The "Love Letter" Internet worm that crawled out of Asia and then spread
around the world on Thursday like wildfire, may have infected up to one in
ten PCs in the UK, and "tens of millions" of computers worldwide, according
to antiviral experts.
Besides affecting companies, the worm has struck the houses of parliament.
Both the House of Commons and House of Lords were hit, leading to a shutdown
of e-mail that lasted a couple of hours.
"The message was noticed before lunch. It was a message sending love to you,
which is the sort of message a lot of us here don't expect to be receiving,"
says Muir Morton, the deputy sergeant at arms for the House of Commons.
Victims also include blue chip companies such as Barclays and AT&T. The
worm followed the sun, hitting Asia first, then Europe and then the U.S.
Like last year's Melissa, the Love Letter spreads by e-mailing itself to
addresses in a user's name and address book. But while Melissa sent itself
to only the first 50 addresses, the love worm sends itself to the entire
The words "I Love You" or "Love Letter" appear in the subject line of
e-mails. Messages also contain an attached file titled
LOVE-LETTER-FOR-YOU.TXT.vbs and the text "kindly check the attached
LOVELETTER coming from me." Users are advised to delete such an e-mail
The worm affects users of Microsoft Outlook Express program whose computers
support Visual Basic Scripting, which includes most modern Windows PCs.
Because the virus sends out such a huge amount of e-mail it can clog up or
disable networks entirely. The love bug also attempts to delete certain
files on a user's computer, including JPEG image files and MP3 music files.
Perhaps more disturbing is that the virus attempts to steal passwords. It
does this by connecting a user's browser to a particular Web page in the
Philippines where it downloads another, executable file. That file attempts
to steal any passwords stored in a PC's cache memory and then send them to
an e-mail address, also in the Philippines, experts said.
Passwords that can be stored a computer's cache memory include passwords to
Windows NT networks and to e-mail accounts. Exactly which passwords are
vulnerable depends on how individual PCs and networks have been configured.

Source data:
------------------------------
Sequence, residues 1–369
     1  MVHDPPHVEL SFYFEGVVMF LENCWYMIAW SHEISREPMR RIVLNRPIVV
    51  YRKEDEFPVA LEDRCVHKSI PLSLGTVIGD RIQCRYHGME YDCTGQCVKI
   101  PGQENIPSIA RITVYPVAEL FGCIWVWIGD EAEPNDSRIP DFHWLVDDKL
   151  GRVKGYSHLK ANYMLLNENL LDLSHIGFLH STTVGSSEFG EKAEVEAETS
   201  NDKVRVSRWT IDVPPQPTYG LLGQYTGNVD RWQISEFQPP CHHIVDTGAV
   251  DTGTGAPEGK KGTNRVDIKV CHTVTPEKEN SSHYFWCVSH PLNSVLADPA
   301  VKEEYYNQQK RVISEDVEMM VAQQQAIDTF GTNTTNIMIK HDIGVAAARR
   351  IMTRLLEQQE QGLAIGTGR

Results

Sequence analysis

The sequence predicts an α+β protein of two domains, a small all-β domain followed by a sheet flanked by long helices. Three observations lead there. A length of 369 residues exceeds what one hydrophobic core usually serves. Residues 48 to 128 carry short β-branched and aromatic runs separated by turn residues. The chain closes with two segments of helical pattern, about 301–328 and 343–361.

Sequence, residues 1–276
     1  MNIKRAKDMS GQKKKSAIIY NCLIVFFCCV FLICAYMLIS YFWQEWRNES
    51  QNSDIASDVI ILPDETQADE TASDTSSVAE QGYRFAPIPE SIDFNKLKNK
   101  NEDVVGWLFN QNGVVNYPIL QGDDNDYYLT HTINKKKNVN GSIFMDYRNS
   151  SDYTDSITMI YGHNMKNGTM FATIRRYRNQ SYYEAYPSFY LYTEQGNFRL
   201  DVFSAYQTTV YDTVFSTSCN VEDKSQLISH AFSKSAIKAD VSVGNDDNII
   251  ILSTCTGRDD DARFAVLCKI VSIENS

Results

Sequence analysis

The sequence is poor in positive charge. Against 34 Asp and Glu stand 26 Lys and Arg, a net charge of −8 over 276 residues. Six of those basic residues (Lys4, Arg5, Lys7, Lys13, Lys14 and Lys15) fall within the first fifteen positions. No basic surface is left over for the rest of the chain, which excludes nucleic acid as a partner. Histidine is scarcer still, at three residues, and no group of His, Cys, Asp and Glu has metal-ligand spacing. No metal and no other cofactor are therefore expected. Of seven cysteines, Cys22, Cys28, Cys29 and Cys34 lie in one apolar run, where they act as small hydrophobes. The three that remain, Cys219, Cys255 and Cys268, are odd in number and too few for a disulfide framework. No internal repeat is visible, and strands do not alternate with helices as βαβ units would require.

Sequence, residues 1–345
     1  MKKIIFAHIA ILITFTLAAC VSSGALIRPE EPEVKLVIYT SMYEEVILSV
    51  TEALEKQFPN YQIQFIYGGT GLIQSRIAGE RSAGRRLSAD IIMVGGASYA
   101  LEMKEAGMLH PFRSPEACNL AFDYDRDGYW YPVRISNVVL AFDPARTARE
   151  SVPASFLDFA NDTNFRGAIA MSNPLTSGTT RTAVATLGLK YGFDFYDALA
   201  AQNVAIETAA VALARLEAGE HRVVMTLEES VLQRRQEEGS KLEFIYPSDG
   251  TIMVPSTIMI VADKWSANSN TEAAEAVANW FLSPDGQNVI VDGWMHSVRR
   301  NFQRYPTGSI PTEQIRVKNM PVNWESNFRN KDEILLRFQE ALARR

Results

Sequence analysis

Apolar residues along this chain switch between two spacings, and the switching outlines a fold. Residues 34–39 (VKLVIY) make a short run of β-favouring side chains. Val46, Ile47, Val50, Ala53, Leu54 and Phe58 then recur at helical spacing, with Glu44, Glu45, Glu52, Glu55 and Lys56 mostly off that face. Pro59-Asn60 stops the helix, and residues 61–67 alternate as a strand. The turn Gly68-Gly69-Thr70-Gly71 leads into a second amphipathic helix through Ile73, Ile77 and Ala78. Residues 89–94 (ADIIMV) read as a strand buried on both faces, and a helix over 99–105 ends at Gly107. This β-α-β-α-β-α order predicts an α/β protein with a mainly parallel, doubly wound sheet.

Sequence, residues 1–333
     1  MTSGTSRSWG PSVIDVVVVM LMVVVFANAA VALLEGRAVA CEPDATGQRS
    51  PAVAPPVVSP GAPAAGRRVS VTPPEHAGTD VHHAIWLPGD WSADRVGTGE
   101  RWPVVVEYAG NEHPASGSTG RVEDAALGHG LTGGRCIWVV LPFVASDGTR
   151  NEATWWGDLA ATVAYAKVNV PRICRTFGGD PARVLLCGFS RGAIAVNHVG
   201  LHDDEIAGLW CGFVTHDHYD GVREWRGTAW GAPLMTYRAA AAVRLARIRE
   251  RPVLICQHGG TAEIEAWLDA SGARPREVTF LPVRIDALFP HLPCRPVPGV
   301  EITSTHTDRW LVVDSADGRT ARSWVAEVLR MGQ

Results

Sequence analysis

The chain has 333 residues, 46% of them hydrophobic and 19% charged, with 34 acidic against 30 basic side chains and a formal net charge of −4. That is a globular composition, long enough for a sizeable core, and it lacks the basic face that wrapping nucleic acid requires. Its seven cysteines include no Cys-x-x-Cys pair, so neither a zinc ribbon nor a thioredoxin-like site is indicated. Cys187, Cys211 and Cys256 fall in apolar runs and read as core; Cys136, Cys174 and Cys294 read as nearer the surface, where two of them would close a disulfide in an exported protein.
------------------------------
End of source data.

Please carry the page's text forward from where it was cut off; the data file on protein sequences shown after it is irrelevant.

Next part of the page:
Various antivirus vendors have contacted the Philippine ISP Sky Internet,
which has since disabled three Web sites that were acting as a source for
the executable that steals passwords. What this means is that while the
virus may still be clogging e-mail networks, it's probably no longer a
threat to passwords.
While Sky has identified the owners of the three Web pages, it said the
viruses might have been uploaded to the pages from another network in the
Philippines. The company has provided information to the Federal Bureau of
Investigation (FBI), which is investigating the origins of the virus.
Comments in the code of the virus indicate that it originated in the
Philippines capital city Manila, and that it was written by a hacker who
goes by the name "Spyder," according to various sources, although they said
the evidence isn't conclusive.
Experts said the virus wasn't particularly tough to write and that anyone
with knowledge of Microsoft's Visual Basic and a malicious bent could have
Meanwhile, reports of copycat versions of the Love Bug virus have already
started to surface. One such variant has been dubbed 'Very Funny' and
carries the subject field "fwd: joke,". The attached file is called
"VeryFunny.vbs." Other characteristics of the virus are the same as Love
Experts are warning that the mutating virus may prompt a wave of copycat
activity this weekend and in the coming weeks.
Businesses can fight the virus by blocking incoming e-mails that have Visual
Basic Scripting attachments. Home users should not open any attachments to
e-mails unless they know where they came from, particularly attachments that
end in .vbs.
Antivirus software vendors including Network Associates, Computer Associates
and Symantec each said they have posted various fixes to the problem on
their Web sites -- http://www.nai.com/, http://www.cai.com and
Network Associates is offering a free program at its MyCIO.com Web site that
scans Exchange servers and automatically deletes infected files. For desktop
users the company also has a program available called LoveScan ASAP.